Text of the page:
TEOTWAWKI, The End Of The World As We Know It is upon us. We are in the early stages, but the normal we had a year ago will not return in our lifetimes. We had a warning in Spring and have been granted a short reprieve, but it would be foolhardy to squander the next month. Every analysis I read and see indicates The Change will get worse, soon… much, much worse, and frightfully soon. I share much of that at this website and will continue to do so. Meanwhile, most of us agree that we have at least one good month to build our pantries. Few expect supplies to be as plentiful and easily accessed past October. Hardly any […]

Ma Nature to the rescue

With a year-round creek running through our yard we do have a wasp infestation problem. It was overwhelming with nests all over our house, out buildings, just about any structure in our yard, and the barn/shop rafters were full of them. We hired professional big guns to bring some level of balance to the situation. I put out some wasp traps as soon as the insects began to move this spring (that is supposed to get the queens before they start reproducing), but the intended targets just laughed at me. We scheduled a date for the eradicators next month. As much as I dislike chemicals, I like even less being assaulted as I go about my daily business. This week […]

planting moon

The moon over Montana will be full on Thursday, March 7th. Bob Cannard, my organic gardening mentor encouraged us to plant on every full moon. He did not touch on whether or not he believed it cosmically favored the plants themselves. His expressed reasoning was that it organized us to do regular plantings whether that was seeds, starts, bare-root, or transplants. Get something started every full moon and you will always have a good garden. From long before there were computers, televisions and electric lights, people on nature-driven cycles have called the first full moon of May, “The Planting Moon”. Whereas in some environments planting and growing year-round is possible, here our growing season is short, but its days […]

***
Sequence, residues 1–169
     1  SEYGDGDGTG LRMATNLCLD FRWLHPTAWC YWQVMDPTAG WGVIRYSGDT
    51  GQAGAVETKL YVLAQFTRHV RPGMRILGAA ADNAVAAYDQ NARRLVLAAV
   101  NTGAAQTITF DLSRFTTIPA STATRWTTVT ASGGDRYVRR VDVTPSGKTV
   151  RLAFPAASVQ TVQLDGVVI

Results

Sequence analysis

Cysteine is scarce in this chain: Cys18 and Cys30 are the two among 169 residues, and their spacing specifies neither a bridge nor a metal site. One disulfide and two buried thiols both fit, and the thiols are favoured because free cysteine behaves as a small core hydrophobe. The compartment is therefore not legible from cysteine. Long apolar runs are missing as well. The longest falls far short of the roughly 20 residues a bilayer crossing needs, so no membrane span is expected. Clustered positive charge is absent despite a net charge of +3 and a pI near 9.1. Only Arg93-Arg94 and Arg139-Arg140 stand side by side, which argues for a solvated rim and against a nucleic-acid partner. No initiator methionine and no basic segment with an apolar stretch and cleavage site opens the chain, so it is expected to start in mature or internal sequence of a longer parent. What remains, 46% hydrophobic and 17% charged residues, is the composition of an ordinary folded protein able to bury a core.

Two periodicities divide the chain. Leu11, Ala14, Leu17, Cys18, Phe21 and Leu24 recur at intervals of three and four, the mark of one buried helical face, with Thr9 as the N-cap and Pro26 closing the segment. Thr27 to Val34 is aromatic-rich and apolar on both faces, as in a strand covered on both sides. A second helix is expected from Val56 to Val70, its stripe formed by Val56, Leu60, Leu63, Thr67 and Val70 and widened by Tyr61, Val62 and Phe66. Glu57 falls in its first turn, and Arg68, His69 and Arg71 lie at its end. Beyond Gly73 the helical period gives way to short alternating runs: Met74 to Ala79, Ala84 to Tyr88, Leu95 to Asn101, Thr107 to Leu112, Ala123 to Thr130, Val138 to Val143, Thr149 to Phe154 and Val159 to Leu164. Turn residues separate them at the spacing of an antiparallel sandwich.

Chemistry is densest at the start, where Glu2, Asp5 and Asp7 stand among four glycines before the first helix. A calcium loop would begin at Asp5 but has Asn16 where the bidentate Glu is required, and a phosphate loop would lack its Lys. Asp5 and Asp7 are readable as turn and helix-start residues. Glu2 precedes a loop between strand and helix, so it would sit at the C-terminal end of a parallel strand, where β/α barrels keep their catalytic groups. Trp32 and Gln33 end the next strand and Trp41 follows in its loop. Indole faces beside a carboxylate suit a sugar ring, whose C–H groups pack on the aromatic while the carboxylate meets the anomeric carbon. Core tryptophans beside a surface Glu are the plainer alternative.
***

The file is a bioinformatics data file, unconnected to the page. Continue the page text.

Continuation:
honeydew

I enjoy my carnivorous plants a heckuva lot more than flypaper, to understate more than a little. The wonderful folks at California Carnivores provide insect control for me year after year. My honeydew from a couple years ago is still among the living – and presumably happy campers in my home. Officially known as drosera capensis, my honeydew is highly photogenic and wonderful for keeping little flying insects in check. Peter D’Amato, founder and principle at California Carnivores told me the little dewdrops at the end of the leaf hairs are ounce-for-ounce the stickiest substance known to man. Once an insect lands on one of these leaves it’s stuck. The leaf then curls up around, and digests the insect parts […]

if an egg a day is good …

My wife cannot imagine breakfast without eggs. Even with her awesome wheat, nut, blueberry pancakes, maple syrup, bacon and sausage, there still has to be an egg on top. I cannot imagine a homestead without chickens. Even in a downtown tract home I had one. Now my flock is around 20. I feed them organic, non-GMO because we expect to eat the eggs and want a healthy product. I also supplement with a bit of oyster shell calcium and ample grazing space. The girls love it. Our springtime egg production is up to over a dozen a day. I will let a broody hen reproduce sometime this year to refresh the flock. After two years, production falls off rapidly, […]

playing in the mud

Sean called his Darby Adult Ed class “Mud Made Mankind”. He gave us a wonderful introduction to working with clay, glazes, potter’s wheel and much more. We found ways to mold clay that didn’t work. We found ways that did. He was a wonderful teacher, cheerleader and assistant. I entered the class with a specific project in mind. I didn’t care if was the only creation I made, but I was focused on getting this one done. As you can see here, we pulled it off… and I do mean WE … Sean was a big help in many ways. I have a carnivorous pitcher plant that seems to like its home, rewarding me with a fly-free laundry room […]